Soon after the Mayor’s announcement, Mark Brewer, president and CEO of the Central Florida Community Foundation in Orlando, announced the Better Together Fund. Recognizing the two funds and their different response strategies, he outlined his fund as “…a way to respond to the needs of our community now and in the time ahead.” The Better Together Fund will address short- and long-term priorities including “…underlying causes of this tragic event and other needs we cannot anticipate until we face them.”
For those of us in the disaster philanthropy field, the Orlando experience offers some important lessons.
One, philanthropy leaders need to recognize that there is growing unease about fundraising practices after disasters. Chronicle of Philanthropy Editor Stacy Palmer told the New York Times: “There have been so many scandals we’ve seen after these sorts of situations, so it is a big deal that they’ve bypassed nonprofits because it shows a distrust in how nonprofits are doing things.” Donors are concerned not just with the usual small-time con artists who take advantage of disasters but with funders and nonprofits that use donations in ways that don’t meet donor expectations. This is an important issue that needs to be addressed through better oversight and public feedback channels.
Second, the Orlando experience magnifies the debate over how funds are distributed after a disaster. I’ve long argued that organizations need to be very clear about how they intend to distribute funds, or risk donor disfavor. The Pulse Fund makes it very clear where the money will go and where it won’t. Following a growing trend, much of the money contributed will go directly to survivors and families of victims, using the actuarial approach developed by Ken Feinberg. This approach addresses many issues, but creates new ones as well. CDP has always encouraged a more balanced approach that looks at both immediate response needs but also addresses long-term recovery and rebuilding. The agreement between the City of Orlando and the Central Florida Community Foundation allows for that even though that is not what was planned when they first began working together.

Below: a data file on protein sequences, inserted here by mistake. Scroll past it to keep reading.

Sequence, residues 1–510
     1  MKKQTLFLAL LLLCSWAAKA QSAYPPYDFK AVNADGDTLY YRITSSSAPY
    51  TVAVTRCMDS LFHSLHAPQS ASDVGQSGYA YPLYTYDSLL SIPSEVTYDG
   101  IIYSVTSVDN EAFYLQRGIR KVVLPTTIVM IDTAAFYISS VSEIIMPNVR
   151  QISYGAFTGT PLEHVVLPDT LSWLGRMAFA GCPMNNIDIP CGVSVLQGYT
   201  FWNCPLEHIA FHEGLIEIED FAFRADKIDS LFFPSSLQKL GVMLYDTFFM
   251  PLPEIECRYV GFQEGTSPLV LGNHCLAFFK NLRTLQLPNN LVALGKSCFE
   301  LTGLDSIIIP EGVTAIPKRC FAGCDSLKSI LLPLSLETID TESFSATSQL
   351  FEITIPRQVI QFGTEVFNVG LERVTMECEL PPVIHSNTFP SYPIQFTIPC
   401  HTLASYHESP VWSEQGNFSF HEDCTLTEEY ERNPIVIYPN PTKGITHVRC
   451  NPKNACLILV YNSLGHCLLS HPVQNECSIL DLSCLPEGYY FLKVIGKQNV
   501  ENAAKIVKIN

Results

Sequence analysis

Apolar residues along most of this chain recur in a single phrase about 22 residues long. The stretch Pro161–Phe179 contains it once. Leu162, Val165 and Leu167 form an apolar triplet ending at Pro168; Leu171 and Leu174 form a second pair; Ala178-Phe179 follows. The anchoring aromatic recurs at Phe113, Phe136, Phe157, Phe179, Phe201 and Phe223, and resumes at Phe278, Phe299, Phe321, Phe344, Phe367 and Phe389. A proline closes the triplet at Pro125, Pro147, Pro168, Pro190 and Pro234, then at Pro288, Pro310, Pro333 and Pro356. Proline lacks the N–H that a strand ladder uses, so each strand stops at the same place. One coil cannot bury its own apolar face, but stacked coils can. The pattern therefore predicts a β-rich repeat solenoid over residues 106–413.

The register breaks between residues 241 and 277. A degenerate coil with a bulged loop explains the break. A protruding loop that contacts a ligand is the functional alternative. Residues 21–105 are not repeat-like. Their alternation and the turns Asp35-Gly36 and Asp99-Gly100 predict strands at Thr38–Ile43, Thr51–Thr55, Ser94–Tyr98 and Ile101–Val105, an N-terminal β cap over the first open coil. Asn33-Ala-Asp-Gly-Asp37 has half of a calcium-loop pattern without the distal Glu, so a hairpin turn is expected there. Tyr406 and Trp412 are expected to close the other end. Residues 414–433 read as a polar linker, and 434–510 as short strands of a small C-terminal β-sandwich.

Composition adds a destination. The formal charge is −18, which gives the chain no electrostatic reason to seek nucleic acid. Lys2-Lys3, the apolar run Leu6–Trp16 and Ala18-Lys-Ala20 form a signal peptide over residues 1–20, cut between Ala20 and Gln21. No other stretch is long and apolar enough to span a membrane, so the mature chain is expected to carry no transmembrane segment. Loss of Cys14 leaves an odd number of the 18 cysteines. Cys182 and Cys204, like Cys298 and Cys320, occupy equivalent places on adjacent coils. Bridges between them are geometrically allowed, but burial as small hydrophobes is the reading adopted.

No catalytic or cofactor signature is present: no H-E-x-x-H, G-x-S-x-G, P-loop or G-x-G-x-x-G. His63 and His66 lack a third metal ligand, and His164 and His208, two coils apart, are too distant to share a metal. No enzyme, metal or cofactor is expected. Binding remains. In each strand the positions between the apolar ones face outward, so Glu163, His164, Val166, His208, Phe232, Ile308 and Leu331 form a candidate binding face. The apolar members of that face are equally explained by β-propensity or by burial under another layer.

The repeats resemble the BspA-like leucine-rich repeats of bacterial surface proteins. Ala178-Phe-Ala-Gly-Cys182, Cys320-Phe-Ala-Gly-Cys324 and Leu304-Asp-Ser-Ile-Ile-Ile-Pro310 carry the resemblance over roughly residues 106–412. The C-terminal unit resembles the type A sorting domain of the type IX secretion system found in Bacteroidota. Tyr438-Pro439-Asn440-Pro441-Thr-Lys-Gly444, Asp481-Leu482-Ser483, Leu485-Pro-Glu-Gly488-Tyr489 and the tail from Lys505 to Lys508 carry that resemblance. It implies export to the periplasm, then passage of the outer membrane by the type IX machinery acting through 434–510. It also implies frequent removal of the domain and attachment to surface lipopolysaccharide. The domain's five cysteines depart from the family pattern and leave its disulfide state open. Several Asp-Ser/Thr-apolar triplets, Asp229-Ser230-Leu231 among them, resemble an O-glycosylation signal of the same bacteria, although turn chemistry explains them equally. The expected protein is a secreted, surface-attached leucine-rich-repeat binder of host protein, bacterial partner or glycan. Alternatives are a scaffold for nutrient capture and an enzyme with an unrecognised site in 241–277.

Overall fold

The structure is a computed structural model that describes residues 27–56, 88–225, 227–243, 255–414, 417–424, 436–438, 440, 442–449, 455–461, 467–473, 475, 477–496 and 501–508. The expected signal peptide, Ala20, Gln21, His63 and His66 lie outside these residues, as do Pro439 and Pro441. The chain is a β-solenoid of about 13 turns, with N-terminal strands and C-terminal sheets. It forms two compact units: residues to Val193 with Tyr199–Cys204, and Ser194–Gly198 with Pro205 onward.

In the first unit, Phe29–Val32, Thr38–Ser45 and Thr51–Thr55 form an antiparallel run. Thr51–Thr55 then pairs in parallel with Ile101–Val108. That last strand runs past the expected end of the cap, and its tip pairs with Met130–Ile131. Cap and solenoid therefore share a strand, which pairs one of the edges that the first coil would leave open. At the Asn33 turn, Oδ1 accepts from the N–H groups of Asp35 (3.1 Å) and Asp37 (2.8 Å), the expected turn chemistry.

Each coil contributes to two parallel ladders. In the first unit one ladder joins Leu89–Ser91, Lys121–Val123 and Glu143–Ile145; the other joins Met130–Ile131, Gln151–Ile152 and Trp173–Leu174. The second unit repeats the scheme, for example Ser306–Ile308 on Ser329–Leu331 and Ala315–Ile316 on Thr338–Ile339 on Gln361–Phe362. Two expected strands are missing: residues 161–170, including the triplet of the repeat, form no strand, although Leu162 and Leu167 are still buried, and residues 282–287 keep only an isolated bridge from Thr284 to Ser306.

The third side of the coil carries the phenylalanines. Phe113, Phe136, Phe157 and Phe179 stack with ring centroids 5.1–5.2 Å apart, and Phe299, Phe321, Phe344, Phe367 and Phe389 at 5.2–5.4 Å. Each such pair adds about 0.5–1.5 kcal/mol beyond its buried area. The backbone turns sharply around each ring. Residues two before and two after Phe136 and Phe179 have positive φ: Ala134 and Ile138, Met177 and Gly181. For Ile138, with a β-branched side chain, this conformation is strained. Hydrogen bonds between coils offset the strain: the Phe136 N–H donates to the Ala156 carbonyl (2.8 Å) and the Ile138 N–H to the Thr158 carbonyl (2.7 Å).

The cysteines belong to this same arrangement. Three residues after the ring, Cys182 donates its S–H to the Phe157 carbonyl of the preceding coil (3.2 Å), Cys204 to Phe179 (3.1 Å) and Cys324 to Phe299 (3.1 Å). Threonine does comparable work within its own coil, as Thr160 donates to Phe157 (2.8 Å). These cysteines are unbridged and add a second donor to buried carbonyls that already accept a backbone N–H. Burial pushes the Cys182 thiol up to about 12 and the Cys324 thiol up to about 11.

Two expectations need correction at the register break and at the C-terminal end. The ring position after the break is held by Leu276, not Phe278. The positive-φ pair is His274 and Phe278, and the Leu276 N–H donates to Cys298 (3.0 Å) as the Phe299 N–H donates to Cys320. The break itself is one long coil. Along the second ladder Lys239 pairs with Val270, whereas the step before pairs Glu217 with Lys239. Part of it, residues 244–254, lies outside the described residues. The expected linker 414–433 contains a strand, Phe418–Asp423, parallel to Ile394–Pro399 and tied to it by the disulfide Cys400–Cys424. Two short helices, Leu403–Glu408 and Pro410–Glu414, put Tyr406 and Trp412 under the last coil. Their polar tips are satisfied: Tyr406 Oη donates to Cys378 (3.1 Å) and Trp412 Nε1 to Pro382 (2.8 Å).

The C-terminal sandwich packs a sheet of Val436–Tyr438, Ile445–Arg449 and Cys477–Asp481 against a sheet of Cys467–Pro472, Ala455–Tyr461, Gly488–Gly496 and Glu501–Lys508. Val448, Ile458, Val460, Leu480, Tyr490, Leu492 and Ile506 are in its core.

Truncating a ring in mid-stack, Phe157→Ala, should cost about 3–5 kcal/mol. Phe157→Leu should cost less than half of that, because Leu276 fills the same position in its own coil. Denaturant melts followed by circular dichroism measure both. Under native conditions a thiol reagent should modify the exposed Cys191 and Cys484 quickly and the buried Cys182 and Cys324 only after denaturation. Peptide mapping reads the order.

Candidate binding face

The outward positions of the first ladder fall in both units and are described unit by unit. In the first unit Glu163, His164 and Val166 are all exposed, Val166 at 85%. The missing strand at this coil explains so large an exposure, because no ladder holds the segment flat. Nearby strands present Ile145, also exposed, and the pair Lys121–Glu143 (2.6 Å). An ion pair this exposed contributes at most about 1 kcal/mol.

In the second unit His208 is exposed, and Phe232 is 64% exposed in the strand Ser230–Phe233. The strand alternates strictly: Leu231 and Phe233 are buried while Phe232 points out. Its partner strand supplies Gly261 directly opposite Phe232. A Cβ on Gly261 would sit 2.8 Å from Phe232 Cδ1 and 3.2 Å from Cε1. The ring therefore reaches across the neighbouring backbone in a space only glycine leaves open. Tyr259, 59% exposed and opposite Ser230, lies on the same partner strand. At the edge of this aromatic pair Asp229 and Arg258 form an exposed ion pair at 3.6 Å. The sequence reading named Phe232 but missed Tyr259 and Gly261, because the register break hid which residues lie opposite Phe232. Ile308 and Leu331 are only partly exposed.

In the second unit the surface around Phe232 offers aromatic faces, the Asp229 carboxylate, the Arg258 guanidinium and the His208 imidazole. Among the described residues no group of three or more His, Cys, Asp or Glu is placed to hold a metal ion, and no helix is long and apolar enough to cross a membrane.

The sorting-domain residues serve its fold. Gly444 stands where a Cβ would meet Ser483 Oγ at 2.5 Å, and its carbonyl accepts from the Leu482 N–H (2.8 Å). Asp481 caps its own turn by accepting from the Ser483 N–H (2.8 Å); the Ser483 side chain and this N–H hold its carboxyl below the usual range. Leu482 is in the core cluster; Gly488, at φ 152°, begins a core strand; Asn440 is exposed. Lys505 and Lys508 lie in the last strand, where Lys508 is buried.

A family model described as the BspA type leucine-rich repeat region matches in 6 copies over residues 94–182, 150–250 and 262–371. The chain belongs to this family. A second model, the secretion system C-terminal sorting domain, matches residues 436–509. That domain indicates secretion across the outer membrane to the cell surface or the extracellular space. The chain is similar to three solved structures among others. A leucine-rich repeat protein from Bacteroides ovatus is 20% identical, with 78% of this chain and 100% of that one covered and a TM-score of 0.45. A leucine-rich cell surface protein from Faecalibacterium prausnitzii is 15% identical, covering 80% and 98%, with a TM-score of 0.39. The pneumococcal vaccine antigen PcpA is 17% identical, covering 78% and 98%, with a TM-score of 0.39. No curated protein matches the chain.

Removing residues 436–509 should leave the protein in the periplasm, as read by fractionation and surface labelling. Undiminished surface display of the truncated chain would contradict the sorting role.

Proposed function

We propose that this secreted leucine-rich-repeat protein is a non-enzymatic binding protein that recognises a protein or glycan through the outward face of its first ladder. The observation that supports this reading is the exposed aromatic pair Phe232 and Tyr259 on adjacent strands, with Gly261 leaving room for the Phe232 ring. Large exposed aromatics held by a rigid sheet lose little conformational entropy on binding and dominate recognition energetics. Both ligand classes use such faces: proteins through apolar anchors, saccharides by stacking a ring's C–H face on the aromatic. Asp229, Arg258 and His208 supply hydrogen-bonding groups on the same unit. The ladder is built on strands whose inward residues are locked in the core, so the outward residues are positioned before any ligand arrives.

Third, the events in Orlando ought to be a wake-up call to all philanthropists engaged in disaster-related contributions. Donors are willing to contribute and expect to be engaged in how it will be used wisely. The time to begin planning for the next disaster is now. Do you have a plan in place to manage contributions? What will be the purpose of your fund? Who will manage it? Who will make decisions? When you are ready, I encourage you to check out our short Disaster Philanthropy Playbook tip sheet for actions you can take to help your community prepare now.
I’d welcome your thoughts and suggestions on this article and your disaster planning. You can write to me at email@example.com.